September 18, 2013 - Marriage

I wish I had known then what I know now . . .

Woman contemplating question marks

If you’ve ever said those words you’re not alone. But what would be done differently if you had the chance to do it over again?

Many lament the choices they’ve made, citing mistakes that negatively altered the course of their lives. But if you really knew then what you know now, what changes would you make?

With few exceptions, most of us wish we had looked more at the big picture, pursued our dreams, and focused on the important stuff. All of that is well and good, but what is the practical application?

It may surprise you what some have said would be the top items on their list of things to change.

If I knew then what I know now, I would . . .

  • Spend less time working, and more time with family.
    • Although this is true, it’s even harder to slow down. We have a powerful enemy telling us it’s never enough and we should work harder. That’s not to say that all hard work is evil—hard work is Scriptural. But we need to spend as much time with family as possible. That really is what counts.
  • Invest more and waste less.
    • Many individuals with whom I have spoken feel strongly about this one. They regret spending foolishly on depreciating items, and know they can never recover those funds. Investing is in the past, and there is little to do about it. The simple pleasures we spent our money on really didn’t count for much in the grand scheme of things.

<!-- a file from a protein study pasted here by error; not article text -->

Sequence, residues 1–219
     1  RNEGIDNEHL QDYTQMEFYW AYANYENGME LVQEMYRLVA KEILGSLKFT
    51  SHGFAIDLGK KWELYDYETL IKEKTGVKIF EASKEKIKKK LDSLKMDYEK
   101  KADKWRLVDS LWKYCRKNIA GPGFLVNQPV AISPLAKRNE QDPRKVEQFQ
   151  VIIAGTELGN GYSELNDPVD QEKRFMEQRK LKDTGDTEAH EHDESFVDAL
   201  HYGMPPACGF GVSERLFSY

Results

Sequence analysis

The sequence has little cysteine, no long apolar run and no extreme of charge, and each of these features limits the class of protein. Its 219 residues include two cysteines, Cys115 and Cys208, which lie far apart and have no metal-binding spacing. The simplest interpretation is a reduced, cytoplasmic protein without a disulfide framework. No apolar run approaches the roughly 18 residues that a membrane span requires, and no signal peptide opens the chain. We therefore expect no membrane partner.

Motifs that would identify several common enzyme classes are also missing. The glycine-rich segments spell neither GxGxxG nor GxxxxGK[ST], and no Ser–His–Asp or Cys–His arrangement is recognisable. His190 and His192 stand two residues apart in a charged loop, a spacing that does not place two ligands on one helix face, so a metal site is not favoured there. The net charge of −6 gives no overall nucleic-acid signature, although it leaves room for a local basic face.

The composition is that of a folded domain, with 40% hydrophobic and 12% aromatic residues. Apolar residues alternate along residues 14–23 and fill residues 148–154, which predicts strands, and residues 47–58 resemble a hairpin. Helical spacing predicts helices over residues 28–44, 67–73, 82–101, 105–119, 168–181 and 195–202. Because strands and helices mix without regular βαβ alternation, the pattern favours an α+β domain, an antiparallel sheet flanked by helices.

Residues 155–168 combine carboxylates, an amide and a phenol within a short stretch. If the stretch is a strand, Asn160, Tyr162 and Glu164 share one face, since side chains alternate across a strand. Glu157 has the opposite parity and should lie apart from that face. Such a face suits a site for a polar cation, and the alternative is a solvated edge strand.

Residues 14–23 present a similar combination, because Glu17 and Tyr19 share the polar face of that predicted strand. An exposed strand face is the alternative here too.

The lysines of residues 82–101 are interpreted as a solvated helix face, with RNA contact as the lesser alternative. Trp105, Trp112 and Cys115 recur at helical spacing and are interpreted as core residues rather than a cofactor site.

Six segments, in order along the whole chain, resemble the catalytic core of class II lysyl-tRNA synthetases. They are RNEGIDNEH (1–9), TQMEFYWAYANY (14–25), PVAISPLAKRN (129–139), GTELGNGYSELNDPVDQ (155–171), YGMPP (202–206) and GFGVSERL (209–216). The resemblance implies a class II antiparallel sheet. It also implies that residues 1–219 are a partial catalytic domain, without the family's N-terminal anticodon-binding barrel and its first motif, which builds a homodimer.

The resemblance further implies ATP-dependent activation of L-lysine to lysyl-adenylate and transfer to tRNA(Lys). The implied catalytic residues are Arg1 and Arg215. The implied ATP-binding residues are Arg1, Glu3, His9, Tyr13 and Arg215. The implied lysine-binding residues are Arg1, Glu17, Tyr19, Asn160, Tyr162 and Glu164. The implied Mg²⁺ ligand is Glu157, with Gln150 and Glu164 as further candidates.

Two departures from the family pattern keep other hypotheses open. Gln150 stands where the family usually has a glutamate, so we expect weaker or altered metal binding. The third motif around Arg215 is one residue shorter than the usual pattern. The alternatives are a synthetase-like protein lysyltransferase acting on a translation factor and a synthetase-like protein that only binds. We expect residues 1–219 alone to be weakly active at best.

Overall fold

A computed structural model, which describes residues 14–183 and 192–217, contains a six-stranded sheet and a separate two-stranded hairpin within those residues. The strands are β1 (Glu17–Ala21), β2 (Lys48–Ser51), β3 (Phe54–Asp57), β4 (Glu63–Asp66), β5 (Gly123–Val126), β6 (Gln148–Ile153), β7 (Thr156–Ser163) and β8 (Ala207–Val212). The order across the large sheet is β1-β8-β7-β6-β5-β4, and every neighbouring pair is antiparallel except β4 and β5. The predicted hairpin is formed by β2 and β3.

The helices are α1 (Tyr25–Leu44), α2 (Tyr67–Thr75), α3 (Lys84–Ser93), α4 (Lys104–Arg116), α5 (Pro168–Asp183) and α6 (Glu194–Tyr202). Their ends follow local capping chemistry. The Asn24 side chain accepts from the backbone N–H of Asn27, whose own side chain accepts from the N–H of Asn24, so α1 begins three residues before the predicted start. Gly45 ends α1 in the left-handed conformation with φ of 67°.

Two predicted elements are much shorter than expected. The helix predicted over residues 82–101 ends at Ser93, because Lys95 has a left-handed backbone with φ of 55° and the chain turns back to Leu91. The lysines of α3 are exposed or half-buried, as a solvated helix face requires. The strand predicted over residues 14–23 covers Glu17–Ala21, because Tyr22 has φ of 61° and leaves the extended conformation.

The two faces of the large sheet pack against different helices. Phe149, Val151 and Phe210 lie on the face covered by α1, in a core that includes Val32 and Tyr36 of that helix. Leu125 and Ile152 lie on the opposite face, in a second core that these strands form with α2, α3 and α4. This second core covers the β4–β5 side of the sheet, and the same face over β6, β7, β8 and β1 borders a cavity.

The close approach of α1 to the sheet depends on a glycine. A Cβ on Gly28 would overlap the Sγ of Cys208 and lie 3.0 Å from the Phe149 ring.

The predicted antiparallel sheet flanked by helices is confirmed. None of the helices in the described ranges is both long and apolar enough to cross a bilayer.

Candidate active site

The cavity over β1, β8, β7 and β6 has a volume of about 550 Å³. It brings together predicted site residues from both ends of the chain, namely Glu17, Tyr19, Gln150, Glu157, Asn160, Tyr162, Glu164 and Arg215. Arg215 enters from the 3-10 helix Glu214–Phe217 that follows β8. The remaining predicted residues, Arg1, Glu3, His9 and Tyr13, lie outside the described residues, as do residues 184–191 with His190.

• Take God’s Word more seriously.
    • Placing our faith in God should mean that we spend time in His Word faithfully. We are encouraged and challenged to study Scripture and understand it. Beginning this process early in life is a sign of wisdom.
  • Given my time to missions.
    • This may not mean that you go to the mission field full-time (although it may). But giving of oneself for the purpose of carrying the Gospel to parts of the world that have never heard His name may be something the Lord wants us to do regularly. I have seen my children becoming involved in this early in life, and it’s heartwarming.
  • Been a more devoted husband/wife.
    • I don’t know many couples that feel they have been the best they could be. Most of us would love the chance to do better. But that usually means spending more time with each other, our spouse we love them in small ways, and communicating. That in itself is a biggie.

It’s only natural that we aren’t happy with our past performance and wish it were better. But we can go from wherever we are now and improve regardless of past mistakes.

We owe it to our spouse to give our all, but remember—that may mean giving up something else.